WAMP Security Tips

I know a bunch of people who are using WAMP, an Apache, MySQL, PHP pre-compiled package for Windows. It’s a very good product as it is kind of challenging to install all of these services together on Windows, but it does leave several things in the default configuration and is therefore not very secure. Here are a few notes on the basic things you need to change in order to make it safer. Note that this is not all-encompassing and will not make an airtight system – this is Windows after all. However, it will at least follow 1985 standards of security. First, find the folder for phpmyadmin. This is a nice web based database tool. In the directory for it, find the file. Open that up with a Unix enabled text editor. If you see little squares on the screen and all the lines run together, your text editor isn’t compatible. Notepad has issues sometimes. If you totally can’t figure it out, download Arachnophilia. Use the edit-find function to locate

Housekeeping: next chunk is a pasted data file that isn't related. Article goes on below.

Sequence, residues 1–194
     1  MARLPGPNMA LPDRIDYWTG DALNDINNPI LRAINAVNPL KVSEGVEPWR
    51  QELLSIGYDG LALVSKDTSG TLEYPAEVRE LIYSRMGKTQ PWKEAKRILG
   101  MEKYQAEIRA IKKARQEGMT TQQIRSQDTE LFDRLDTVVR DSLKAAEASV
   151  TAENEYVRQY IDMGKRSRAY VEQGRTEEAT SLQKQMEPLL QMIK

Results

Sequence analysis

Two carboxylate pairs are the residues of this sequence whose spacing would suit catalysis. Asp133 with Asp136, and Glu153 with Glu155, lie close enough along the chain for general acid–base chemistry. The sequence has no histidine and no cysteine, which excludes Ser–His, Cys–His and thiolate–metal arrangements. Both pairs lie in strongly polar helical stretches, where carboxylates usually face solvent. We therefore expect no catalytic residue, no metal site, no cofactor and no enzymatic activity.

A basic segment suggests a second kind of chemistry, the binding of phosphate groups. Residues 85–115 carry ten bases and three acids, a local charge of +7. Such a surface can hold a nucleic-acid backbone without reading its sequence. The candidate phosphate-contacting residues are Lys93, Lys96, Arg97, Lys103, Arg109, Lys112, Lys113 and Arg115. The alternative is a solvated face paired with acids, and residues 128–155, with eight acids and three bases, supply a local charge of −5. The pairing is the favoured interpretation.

$cfg['blowfish_secret'] = '';
In the quote marks, add some random jibberish. Longer is better. 32 characters or so works nicely. Then find:
and change the value from “config” to “cookie”. Under that, the value for
should be empty. Save this file.

What you have done is to set it up to require a username and password when you login. The next problem, however, is that the root password for MySQL is empty. Since that is the default, that is the first thing an attacker would guess. So, let’s change it.

Go to http://localhost/ . Click on the link for phpmyadmin. At the login prompt, enter “root” for the username. Leave the password box empty and login. Now find the user management area and change the password for the root user. When you commit the change, you will get kicked out and land back at the login prompt. Test the new username and password.

Finally, keep in mind that if you don’t want people to see this server, it needs to be behind a firewall. Either way, we recommend blocking general access to port 3306 for MySQL – unless you planned to give lots of people direct access to that service.

There are still dozens of ways to break into your box, but these simple changes will at least keep the beginners out. Good luck.

Comments are closed.


Copyright © 2012 -1354585411